Here, she recalls the dynamic beauty scene of the 1980s and reveals how the look – which is big news in beauty again this year - has been updated for 2009.
Any final tips that are fresh for now?
KM: This season, avoid darkening eyebrows too much with pencil or shadow; it's all about natural full brows and eyes being darker than the brows.
What products are you using?
KM: I love Pot Rouge For Lips And Cheeks in 11, £16, by Bobbi Brown, a bubblegum pink shade or Powder Blush in Desire, around £11, by LORAC – it gives you the kind of natural flush you’d only otherwise get from a bracing walk in the cold.
How is the 1980s look being re-worked for today?
KM: ‘It’s by taking elements out! Take the white powder base out! Take out the flat, heavy fuschias and oranges on cheeks and use a sheer, natural-looking pink blush instead. It gives a healthier glow, which is always flattering.
By the late 1990s, everything was really pared down…
KM: Yes, the recession came and after that fashion and beauty became rather more pared down. One of my first jobs after moving to New York was to make up Kate Moss for the Calvin Klein Obsession fragrance campaign and I just used moisturiser. She looked absolutely perfect.
What was your signature look in the 1980s?
KM: Full skin make-up was the look back then and although I had the most beautiful porcelain skin, I religiously covered it up with a powder-white base, contouring and big, red cheeks – a bit like the Marc Jacobs show this season.
KM: Model Lara Stone is a refreshingly fleshier girl who rocks to her own tune. I also love singer Grace Jones and actress Tilda Swinton. They’re both creative women, undefined by their age and gender. Grace is actually 61, but much more contemporary than any of the sexy girls making it on the pop scene or into celebrity gossip mags, and pretty much the only person who makes me go ‘wow’. Girls see ‘mini women’ with big hair like Cheryl Cole as beauty icons, but it’s a very generic beauty – a bit too Stepford wives.
Who were your icons back in the 1980s?
KM: ‘It was women like Debbie Harry, make-up artist Barbara Daly – who did all of the Stanley Kubrik films – Jerry Hall and a make-up artist called Yvonne Gold. [Yvonne] had big, blonde dreadlocks and worked with Vivienne Westwood and her partner Malcolm McLaren who at the time had a new-wave band Bow Wow Wow. A signature technique of hers was to use gold paint over the Cupid’s bow, which make-up artist Pat McGrath uses a lot now.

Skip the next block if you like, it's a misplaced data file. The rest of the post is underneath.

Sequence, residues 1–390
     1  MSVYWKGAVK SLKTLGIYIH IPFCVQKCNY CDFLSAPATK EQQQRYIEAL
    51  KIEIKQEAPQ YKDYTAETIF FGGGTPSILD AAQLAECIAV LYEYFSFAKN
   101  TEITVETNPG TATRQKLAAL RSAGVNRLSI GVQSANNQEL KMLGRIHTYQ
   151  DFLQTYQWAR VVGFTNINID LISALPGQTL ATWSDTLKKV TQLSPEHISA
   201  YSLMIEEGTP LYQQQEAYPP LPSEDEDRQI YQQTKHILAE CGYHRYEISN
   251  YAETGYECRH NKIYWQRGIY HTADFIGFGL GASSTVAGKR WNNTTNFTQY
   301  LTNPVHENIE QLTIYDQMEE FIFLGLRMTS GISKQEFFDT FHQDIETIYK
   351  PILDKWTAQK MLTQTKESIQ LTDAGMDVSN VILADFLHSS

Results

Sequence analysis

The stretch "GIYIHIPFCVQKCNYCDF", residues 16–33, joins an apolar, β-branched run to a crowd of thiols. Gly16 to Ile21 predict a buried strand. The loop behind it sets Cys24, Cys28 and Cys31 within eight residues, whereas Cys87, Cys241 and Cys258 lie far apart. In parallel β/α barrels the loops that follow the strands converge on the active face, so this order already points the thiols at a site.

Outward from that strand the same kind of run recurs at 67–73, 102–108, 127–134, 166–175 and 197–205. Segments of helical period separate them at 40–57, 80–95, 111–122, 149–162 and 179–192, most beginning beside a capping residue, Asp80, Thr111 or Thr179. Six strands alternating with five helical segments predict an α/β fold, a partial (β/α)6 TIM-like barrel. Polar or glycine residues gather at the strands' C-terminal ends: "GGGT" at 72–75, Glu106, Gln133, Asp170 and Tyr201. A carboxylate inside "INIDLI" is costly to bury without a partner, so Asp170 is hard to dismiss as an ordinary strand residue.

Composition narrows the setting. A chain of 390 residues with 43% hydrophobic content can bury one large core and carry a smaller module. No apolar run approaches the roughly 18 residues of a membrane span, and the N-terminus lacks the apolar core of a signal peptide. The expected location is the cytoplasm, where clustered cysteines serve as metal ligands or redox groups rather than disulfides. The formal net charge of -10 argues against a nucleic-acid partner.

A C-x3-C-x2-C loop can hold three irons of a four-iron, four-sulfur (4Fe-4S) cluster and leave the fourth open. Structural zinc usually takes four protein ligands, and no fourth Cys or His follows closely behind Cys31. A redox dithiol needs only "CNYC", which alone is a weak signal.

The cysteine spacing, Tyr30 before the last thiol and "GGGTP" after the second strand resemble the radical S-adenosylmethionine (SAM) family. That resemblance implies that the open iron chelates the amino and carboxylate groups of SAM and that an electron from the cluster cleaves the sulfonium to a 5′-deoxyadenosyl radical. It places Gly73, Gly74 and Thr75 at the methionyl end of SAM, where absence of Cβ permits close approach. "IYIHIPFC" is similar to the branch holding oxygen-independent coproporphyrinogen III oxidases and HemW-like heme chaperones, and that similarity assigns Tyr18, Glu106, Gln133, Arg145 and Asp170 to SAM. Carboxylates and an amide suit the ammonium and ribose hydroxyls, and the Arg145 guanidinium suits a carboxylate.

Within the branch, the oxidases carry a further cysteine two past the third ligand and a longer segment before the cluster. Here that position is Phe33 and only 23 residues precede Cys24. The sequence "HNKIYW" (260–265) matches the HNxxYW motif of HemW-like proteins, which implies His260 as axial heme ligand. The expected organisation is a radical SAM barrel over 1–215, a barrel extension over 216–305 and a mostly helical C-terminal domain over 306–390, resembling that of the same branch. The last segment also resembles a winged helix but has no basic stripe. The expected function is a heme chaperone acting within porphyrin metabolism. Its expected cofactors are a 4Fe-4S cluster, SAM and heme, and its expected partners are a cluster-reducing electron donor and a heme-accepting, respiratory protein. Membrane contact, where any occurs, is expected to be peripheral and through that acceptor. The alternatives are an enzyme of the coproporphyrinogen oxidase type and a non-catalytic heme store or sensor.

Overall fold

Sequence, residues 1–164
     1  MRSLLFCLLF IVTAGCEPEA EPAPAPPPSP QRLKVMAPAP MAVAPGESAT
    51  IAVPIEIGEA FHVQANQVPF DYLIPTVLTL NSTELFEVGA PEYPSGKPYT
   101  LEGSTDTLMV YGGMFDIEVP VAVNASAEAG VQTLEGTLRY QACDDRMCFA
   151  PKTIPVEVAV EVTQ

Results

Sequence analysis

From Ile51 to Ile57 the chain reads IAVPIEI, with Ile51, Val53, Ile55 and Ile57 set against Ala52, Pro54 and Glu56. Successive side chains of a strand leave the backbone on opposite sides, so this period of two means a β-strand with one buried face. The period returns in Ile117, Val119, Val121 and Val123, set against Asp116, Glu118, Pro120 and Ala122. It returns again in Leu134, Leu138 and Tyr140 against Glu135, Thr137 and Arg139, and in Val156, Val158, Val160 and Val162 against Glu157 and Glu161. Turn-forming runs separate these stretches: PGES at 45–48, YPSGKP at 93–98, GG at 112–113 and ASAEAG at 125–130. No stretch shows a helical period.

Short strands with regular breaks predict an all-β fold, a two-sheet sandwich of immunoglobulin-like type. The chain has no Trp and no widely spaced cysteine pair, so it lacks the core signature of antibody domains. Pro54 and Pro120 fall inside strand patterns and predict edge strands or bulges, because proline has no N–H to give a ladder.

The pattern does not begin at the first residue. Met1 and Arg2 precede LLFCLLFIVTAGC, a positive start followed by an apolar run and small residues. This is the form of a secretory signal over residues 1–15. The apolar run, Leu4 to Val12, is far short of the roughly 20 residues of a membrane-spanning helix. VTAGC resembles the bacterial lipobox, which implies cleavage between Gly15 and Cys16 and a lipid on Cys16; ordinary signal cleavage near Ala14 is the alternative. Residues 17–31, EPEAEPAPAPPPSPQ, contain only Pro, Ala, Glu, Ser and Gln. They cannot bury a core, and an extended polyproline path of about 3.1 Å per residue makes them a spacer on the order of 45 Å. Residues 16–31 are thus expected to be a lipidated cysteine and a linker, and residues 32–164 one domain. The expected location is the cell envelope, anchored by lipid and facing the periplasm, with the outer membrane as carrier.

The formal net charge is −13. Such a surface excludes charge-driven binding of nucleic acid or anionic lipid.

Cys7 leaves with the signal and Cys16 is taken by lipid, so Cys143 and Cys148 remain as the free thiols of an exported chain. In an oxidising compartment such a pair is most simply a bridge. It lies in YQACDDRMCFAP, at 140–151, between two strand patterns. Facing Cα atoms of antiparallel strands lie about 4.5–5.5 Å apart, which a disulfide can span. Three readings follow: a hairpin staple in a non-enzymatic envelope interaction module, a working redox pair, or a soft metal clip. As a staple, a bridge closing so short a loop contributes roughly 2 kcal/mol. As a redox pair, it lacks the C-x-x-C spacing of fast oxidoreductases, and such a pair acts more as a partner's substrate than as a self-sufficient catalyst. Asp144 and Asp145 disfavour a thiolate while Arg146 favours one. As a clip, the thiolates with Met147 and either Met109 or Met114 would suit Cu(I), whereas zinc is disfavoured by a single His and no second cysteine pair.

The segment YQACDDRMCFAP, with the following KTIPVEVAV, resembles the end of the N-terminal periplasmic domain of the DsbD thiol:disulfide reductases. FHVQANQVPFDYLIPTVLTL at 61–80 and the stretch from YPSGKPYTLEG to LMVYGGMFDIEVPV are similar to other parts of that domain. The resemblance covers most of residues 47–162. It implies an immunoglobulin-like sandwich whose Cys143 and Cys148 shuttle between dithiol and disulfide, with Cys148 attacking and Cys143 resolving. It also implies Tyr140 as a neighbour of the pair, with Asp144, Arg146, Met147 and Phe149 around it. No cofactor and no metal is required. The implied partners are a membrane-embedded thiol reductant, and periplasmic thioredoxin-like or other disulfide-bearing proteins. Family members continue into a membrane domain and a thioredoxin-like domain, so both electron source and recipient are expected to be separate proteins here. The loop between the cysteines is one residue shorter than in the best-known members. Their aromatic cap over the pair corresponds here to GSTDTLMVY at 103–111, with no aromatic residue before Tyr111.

ELLE meets Kay
This year London Fashion Week celebrates 25 years and, in a timely twist of fate, the trends that dominated the fashion agenda back then are influencing a whole new generation of fashion mavens in London today. In beauty, as in fashion, influencers have been moving things forward by looking back. And while the 1980s is sometimes called the decade that fashion forgot – yes, until recently, people laughed at leggings and bum bags– designers and make-up artists have been plundering these flamboyant times for inspiration. The result? A look that feels bold, edgy and totally now.
Kay Montano has been working London Fashion Week since the day it started. Now an internationally renowned make-up artist, she was responsible for creating some of the iconic looks from the 1980s, including Nick Kamen’s cover for Face, where he was covered in white ink, and Jeny Howorth for ELLE – all dramatic contouring and matte red lips.
But even Kay is the first to admit that while 2009’s make-up scene may not be as directional as it was in the 1980s, the way the look has been pared down and modernised is absolutely right for now. ‘I loved the unique strong expression of people like Human League, Madonna and John Galliano,’ she says, ‘as well as the dense, heavily-pigmented make-up from Mary Quant and Biba, but today’s look is healthier and more wearable.
‘Still, I wish there was more of a sub-culture surrounding fashion. But nothing is left alone these days. It all ends up in the papers and becomes commercialised. The people doing interesting things are likely to be approached by LVMH or running Gucci within a year.’
The upside, though, she says is that modern make-up formulations are much more accessible and you can afford to make mistakes. We asked Kay to recall the looks she created in the 1980s, and show us how to wear the trend so it’s right for now.